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Fidelity reverses decision to bill investors for research

Fund group falls back into line with most of its rivals by agreeing to shoulder investment research costs.

 
Fidelity reverses decision to bill investors for research
 

Fidelity has backtracked on a decision announced last year to pass on the cost of external research to clients.

Joining an overwhelming majority of the funds industry, the firm said it will meet research costs from its own balance sheet.

According to a tally conducted by the Financial Times, just two major global fund houses, Carmignac and Deka, now intend to pass on costs. 

Fidelity said the U-turn followed 'extensive discussions' with clients.

Funds houses have been forced to wrestle with the question of how they pay for external research since payments-in-kind to brokers were banned under Mifid II rules.

Fidelity had announced the charging structure in October 2017, as it said it would move to charging variable fees across its fund range.

At the time, it justified charging investors for research by arguing the reduction in its baseline management fees as part of the move to the 'fulcrum' model would more the offset the cost.

Paras Anand, Fidelity’s chief investment officer for European equities, said that with the vast majority of rivals shouldering research costs, persisting with plans to charge investors would have led to 'disproportionate operational and reporting consequences'.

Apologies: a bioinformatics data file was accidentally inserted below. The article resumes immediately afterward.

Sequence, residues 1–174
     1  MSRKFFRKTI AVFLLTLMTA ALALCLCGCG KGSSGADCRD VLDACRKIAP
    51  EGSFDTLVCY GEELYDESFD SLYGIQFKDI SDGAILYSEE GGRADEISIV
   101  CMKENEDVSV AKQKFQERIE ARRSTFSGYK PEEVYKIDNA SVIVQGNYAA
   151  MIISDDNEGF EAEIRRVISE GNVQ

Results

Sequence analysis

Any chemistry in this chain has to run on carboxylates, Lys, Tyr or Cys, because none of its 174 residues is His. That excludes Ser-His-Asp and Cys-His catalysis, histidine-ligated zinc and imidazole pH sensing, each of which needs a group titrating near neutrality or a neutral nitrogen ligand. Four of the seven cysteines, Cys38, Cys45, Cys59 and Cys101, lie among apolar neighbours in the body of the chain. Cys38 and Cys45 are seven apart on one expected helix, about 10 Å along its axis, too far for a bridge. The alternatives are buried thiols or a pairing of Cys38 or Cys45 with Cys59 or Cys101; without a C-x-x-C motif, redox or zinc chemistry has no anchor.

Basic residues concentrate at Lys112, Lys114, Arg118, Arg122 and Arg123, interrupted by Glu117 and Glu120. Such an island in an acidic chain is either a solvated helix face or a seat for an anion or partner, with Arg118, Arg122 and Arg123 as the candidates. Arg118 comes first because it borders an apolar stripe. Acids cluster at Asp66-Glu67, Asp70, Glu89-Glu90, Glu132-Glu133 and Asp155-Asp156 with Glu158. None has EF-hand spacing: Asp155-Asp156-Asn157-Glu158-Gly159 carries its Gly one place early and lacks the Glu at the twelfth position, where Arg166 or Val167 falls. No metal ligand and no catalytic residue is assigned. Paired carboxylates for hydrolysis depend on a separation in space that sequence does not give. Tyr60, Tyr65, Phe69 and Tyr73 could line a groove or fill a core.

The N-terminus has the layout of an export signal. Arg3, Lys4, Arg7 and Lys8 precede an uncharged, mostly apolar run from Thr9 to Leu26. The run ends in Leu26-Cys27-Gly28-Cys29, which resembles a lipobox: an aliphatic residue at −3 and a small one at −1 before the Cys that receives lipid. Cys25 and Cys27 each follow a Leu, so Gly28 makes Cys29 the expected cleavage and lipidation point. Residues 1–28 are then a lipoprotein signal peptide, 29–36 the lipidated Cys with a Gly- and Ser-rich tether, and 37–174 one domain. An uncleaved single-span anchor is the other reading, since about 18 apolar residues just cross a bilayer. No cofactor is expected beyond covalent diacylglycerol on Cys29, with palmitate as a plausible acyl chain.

Online stock brokers welcomed the move. Tilney managing director Jason Hollands said Fidelity’s U-turn was a 'clear admission they had got it wrong' and that the move would 'heap pressure on remaining outlier firms'.

Architas investment director Adrian Lowcock said it was 'good to see' the industry reaching a consensus on the issue, which 'should make it easier and cheaper to access funds'.

But he added the long-term impact of absorbing research costs was 'still unknown and could result in unforeseen consequences.'

 

1 comment so far. Why not have your say?

FrankFrank

Feb 22, 2018 at 21:49

I always considered Fidelity the greediest of investment companies and avoided their funds.

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